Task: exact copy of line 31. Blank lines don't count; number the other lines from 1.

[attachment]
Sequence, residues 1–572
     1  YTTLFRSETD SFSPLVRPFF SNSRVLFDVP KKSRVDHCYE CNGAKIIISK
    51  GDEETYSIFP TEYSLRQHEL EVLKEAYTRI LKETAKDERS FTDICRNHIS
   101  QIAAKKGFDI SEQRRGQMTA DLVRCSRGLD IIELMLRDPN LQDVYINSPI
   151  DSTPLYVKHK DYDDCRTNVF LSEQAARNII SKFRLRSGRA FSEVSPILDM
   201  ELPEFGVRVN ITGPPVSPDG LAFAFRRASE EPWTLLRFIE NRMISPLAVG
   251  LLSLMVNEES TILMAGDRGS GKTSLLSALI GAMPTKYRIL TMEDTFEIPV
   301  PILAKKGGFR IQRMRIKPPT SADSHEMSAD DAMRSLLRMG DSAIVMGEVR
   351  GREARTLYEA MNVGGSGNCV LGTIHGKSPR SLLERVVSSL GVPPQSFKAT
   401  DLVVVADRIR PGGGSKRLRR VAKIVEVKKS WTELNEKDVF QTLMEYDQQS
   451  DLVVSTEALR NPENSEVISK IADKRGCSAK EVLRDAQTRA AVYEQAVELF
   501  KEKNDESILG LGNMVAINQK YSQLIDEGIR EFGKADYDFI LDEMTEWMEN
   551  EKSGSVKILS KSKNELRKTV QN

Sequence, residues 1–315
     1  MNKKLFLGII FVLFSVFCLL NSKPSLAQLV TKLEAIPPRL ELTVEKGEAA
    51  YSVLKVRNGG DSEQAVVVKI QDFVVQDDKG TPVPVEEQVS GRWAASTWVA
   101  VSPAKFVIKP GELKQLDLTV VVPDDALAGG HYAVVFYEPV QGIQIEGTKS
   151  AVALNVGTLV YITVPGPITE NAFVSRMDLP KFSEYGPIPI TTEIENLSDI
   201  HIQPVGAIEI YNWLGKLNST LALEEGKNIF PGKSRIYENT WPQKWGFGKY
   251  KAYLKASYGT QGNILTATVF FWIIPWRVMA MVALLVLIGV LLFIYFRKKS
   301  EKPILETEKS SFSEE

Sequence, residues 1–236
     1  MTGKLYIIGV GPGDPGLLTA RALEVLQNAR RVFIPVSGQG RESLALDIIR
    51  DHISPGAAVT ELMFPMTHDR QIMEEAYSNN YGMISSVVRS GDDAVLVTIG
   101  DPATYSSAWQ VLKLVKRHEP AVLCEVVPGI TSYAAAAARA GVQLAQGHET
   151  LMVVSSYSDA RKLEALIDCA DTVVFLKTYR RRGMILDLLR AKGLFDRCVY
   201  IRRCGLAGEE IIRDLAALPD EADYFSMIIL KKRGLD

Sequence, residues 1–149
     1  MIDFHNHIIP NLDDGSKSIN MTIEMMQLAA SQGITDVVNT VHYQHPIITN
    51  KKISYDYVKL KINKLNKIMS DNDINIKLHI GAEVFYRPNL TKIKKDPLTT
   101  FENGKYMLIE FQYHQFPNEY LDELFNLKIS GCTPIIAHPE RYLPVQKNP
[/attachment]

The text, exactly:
   101  FENGKYMLIE FQYHQFPNEY LDELFNLKIS GCTPIIAHPE RYLPVQKNP